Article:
Friday, 6 April 2018

Eerie Masuria: Revisiting the Wolf's Lair, Poland

I visited Poland in 2016 courtesy of the Ministry of Foreign Affairs of the Republic of Poland.
 
In Poland's northeast lies the beautiful region of Masuria.

It's a land of lakes and forests, but also has a dark past. When it was part of Germany in World War II, this was where Adolf Hitler sited his HQ for the invasion of the Soviet Union.

It was given the overly dramatic name of The Wolf's Lair (Wolfsschanze in German, Wilczy Szaniec in Polish).

Only partly destroyed before the Nazi retreat from the Red Army, the once-hidden forest base is now an eerie collection of monumental broken concrete bunkers among the trees; along with a monument to Von Stauffenberg's 1944 attempt to assassinate Hitler (see the first photo below).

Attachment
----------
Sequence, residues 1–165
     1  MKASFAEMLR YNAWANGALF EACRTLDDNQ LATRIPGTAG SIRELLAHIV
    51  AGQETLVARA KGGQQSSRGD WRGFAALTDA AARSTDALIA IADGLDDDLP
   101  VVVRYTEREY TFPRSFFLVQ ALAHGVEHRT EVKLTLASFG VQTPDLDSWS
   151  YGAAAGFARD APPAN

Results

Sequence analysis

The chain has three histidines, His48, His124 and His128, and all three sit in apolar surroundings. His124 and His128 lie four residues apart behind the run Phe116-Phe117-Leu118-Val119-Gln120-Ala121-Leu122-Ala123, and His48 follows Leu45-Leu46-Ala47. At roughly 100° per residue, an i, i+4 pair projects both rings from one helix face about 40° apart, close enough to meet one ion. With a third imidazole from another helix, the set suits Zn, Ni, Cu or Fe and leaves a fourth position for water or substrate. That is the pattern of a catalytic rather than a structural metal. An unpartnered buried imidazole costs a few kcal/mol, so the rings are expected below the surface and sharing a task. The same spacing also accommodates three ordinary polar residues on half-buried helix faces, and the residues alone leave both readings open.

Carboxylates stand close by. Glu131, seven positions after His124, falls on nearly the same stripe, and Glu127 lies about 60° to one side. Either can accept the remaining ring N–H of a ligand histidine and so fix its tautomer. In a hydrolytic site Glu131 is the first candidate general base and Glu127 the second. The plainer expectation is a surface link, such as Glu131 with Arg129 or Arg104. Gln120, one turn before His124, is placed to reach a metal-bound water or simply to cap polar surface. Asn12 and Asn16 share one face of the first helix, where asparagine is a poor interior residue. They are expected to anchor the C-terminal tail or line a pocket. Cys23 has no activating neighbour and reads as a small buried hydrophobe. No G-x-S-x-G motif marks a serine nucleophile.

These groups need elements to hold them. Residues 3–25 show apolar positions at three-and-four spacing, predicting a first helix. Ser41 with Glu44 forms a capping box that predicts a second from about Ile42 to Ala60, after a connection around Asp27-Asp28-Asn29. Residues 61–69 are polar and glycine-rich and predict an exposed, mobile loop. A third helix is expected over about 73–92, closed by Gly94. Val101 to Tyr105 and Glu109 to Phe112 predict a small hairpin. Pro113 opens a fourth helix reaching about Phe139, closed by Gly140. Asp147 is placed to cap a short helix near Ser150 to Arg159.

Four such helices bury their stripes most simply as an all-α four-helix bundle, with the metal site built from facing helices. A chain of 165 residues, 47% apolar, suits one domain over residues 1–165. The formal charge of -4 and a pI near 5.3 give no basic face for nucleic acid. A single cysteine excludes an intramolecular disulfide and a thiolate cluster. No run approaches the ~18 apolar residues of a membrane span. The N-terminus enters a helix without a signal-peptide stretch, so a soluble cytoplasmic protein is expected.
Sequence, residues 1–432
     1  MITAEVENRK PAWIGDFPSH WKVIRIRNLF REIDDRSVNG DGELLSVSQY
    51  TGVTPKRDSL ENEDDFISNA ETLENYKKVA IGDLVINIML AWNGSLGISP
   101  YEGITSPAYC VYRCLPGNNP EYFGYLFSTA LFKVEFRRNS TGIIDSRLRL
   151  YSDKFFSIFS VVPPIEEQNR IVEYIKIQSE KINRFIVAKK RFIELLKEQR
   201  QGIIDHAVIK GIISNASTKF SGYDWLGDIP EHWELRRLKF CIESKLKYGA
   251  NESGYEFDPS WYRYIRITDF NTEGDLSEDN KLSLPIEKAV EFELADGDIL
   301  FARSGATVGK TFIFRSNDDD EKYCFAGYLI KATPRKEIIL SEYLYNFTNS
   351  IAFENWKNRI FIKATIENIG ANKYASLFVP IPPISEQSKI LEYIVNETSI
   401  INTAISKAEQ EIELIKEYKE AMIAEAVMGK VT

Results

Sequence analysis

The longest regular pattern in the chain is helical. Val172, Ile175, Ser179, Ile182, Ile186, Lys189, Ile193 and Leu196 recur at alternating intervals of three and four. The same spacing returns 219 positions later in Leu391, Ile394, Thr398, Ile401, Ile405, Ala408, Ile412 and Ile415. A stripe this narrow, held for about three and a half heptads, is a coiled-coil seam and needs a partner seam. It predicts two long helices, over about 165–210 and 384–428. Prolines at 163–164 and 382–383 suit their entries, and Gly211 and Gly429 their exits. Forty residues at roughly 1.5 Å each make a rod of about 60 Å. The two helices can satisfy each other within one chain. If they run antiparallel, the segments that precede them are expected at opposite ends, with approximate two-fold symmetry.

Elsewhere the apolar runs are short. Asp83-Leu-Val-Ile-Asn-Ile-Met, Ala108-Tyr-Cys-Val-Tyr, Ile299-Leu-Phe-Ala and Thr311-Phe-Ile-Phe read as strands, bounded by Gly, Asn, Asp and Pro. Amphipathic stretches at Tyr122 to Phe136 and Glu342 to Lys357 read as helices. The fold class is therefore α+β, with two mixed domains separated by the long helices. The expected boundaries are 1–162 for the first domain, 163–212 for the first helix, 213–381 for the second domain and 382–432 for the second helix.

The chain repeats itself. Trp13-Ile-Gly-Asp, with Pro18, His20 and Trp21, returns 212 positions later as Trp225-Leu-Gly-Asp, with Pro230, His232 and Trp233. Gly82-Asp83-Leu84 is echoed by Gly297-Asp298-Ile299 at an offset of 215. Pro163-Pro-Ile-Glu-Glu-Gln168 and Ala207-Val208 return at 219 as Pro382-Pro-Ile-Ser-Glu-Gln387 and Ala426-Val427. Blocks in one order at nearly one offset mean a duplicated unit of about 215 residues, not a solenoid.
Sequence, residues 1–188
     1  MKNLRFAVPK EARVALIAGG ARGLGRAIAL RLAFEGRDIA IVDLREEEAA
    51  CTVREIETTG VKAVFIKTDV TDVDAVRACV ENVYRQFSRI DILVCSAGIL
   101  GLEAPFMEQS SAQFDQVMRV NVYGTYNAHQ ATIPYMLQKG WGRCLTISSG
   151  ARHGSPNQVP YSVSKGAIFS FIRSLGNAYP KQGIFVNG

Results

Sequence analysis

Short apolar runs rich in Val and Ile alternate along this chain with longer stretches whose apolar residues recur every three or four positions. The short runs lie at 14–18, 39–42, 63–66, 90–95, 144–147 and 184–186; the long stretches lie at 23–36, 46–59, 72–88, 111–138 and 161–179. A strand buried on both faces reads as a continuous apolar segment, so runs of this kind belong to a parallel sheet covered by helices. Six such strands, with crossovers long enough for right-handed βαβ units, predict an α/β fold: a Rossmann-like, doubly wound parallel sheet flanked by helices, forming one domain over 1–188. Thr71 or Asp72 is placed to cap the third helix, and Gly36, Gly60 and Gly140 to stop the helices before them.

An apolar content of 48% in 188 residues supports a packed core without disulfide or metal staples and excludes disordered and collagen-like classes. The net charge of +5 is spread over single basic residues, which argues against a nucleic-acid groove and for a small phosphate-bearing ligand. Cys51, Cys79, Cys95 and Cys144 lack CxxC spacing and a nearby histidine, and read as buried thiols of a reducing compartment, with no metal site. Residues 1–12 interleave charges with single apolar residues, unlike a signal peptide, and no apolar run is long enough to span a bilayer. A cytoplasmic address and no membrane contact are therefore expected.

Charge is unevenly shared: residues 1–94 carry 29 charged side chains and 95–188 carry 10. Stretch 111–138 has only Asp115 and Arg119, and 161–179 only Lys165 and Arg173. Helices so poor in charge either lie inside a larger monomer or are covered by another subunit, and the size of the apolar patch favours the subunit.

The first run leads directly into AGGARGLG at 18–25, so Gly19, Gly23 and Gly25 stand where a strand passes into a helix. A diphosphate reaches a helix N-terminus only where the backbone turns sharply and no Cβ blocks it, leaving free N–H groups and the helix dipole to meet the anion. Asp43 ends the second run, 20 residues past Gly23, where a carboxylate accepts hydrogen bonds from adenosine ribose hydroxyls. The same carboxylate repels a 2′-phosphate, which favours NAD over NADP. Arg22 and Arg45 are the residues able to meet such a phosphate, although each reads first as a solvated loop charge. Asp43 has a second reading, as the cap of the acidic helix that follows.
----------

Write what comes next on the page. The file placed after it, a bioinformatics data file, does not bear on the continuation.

The site is a fascinating wartime relic, but also an eerie place to visit, walking among the huge shattered structures.

I first visited the Wolf's Lair in the depths of a Polish winter, when the ruins were covered with snow; then two years ago, I revisited in spring, when they seemed no less strange surrounded by vibrant greenery.

Here's what I found on my second visit...









By chance, on both visits (ten years apart), I was met by the same guide, Jadwiga - you can see her in the photo above. If you're ever visiting Masuria and need an English-speaking guide, I recommend hiring her services. You can contact Jadwiga by email, by clicking here.

And as a bonus, here's another shot of Bunker 13 - Hitler's personal bunker - from my first visit in March 2006, when The Wolf's Lair felt like a very cold and lonely place indeed...